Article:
Nobody is perfect, but I'm so close that it scares myself. Exact thing applies to Shakespeare's Iago, the almost too perfect villain in the play Othello. Different from the other typical trite villains, Iago has more depth in him other than being plain pure evil. Consumed with envy and plots Iago deceives and kills those who trust him, using the mask of "honest". As an amoral villain, it is not that Iago pushes aside his conscience to commit these acts, but that he lacks a conscience to begin with. Iago's amorality results in the marginality of Othello the Moor whom he supposed to be loyal to, Cassio who is given the position he desires, Emilia the wife he does not love, and sadly, Iago himself. Throughout the whole play, the audience can see the amorality of Iago though the rest of the characters are oblivious to it. His "honesty" blinds the others who are put into marginalization. Shakespeare has done a brilliant job in creating a dazzling villain, the one with great intelligence, despite the tragic outcome he causes.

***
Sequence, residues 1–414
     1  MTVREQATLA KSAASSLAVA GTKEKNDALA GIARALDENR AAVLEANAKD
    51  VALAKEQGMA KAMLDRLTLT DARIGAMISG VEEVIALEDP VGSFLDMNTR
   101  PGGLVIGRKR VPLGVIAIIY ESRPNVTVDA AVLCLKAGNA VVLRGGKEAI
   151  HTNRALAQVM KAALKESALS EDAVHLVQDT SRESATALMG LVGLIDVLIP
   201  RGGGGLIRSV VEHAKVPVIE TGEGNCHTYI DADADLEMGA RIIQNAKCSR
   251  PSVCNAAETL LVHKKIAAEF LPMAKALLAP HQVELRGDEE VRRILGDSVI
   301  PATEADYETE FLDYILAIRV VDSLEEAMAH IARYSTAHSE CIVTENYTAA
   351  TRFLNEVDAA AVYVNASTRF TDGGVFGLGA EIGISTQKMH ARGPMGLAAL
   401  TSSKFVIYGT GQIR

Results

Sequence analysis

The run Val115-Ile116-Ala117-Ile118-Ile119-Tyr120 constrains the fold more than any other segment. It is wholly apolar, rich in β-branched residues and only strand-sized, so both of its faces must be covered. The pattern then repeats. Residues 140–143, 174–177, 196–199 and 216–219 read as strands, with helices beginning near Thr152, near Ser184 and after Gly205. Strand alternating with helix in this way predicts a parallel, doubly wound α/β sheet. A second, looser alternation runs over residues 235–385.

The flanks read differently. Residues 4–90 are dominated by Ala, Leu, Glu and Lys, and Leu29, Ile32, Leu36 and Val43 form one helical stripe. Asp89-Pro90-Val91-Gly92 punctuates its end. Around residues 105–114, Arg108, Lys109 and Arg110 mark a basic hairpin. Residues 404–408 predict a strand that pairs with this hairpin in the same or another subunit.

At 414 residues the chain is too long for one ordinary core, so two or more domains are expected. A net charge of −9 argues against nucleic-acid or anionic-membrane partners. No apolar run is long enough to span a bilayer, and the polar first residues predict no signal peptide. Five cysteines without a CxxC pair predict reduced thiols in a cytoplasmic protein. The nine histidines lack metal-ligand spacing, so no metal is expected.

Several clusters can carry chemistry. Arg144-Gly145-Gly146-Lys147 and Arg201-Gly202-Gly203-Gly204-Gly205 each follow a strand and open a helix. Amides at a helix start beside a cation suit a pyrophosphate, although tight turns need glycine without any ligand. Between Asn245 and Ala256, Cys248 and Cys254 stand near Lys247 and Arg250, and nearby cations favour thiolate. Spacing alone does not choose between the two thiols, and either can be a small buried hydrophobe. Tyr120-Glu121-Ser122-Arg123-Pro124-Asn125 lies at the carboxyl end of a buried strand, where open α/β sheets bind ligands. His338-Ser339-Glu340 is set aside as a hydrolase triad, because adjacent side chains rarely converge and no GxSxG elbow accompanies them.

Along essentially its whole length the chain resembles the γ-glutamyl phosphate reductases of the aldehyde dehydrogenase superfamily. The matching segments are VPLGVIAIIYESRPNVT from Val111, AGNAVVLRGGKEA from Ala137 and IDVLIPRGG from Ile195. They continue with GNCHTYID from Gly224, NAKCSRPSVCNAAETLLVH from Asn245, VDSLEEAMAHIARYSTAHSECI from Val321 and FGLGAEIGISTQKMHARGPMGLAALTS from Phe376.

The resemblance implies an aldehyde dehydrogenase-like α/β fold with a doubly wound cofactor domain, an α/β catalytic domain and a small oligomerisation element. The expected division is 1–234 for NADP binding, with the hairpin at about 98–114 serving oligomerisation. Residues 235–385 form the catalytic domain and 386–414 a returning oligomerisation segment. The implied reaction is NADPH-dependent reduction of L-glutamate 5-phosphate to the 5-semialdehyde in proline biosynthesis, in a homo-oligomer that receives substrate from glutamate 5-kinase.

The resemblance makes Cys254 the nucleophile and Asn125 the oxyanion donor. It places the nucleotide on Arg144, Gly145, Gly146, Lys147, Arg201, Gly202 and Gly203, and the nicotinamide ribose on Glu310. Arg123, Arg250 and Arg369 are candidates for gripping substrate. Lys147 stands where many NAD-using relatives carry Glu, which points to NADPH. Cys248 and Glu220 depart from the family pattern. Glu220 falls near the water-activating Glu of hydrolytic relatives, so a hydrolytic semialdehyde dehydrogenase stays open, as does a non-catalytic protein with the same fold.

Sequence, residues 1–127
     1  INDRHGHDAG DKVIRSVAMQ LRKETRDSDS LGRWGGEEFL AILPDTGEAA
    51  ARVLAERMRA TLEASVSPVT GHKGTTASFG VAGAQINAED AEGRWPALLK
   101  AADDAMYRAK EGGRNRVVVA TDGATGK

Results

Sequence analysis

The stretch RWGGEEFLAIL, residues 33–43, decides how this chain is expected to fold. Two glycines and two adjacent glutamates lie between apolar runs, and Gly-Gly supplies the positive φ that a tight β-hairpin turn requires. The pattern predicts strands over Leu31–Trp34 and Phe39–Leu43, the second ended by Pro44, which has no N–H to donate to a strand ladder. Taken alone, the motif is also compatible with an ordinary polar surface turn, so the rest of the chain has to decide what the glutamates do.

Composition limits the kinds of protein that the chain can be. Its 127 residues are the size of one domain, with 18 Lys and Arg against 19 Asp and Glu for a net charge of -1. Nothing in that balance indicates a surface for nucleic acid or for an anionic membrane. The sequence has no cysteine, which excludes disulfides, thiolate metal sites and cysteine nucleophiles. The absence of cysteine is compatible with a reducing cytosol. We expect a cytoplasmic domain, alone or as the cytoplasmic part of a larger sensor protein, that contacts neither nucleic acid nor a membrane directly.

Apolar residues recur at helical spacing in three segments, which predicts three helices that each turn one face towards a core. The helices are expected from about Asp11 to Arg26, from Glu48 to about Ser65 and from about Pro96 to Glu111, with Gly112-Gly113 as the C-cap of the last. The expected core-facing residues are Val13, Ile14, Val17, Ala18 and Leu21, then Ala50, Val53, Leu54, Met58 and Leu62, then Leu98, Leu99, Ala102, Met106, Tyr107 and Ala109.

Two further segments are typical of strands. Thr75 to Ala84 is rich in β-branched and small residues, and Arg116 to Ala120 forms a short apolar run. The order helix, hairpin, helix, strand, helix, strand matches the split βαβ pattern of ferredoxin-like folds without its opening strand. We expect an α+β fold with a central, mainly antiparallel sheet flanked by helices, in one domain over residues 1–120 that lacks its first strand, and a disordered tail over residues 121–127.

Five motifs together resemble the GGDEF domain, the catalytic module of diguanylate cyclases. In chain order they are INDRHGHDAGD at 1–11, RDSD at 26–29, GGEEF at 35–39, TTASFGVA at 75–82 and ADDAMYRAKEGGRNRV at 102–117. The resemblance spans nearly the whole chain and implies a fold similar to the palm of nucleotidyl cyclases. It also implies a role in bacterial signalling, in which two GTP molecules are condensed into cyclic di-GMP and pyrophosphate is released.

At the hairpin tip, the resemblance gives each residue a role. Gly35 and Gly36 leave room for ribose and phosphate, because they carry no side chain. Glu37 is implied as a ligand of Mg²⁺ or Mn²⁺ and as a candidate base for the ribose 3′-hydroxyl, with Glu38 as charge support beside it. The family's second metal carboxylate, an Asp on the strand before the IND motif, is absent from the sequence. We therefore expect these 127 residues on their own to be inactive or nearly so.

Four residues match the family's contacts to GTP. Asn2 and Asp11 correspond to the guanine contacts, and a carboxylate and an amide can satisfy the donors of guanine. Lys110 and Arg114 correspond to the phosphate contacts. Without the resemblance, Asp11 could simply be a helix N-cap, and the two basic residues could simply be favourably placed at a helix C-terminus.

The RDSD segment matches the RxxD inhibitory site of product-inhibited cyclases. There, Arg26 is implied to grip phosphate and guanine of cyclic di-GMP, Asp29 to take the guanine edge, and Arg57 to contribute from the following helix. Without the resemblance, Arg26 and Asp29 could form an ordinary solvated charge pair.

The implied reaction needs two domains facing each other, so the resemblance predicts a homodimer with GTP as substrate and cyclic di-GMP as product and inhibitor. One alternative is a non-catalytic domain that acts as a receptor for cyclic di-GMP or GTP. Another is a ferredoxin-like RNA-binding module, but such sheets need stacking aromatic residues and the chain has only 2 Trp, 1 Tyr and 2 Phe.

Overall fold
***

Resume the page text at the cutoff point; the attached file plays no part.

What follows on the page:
Iago's mouth drips with sickening sweet talk whenever he is involved in a conversation with Othello, although we all know the truth hidden behind all the saccharine, the nauseating Othello-is-going-down plots. Iago has never gotten over the fact that Othello is a black man with a past as a slave who gains the respect of the Venetians as a reliable and trusted general. "And I, God bless the mark, his Moorship's ancient." (I.1.33). Iago's twisted plot to put Othello in marginalization begins with his effort to rein the fury of Brabantio toward Othello. He realizes that he can use Brabantio to achieve his goal; therefore he will escape the blame. Iago uses Othello's elopement with Desdemona as his first weapon to put Othello in marginalization. "Call up her father, rouse him, make after him, poison his delight, proclaim him in the street, incense her kinsmen, and though he in a fertile climate dwell, plague him with flies: though that his joy be...
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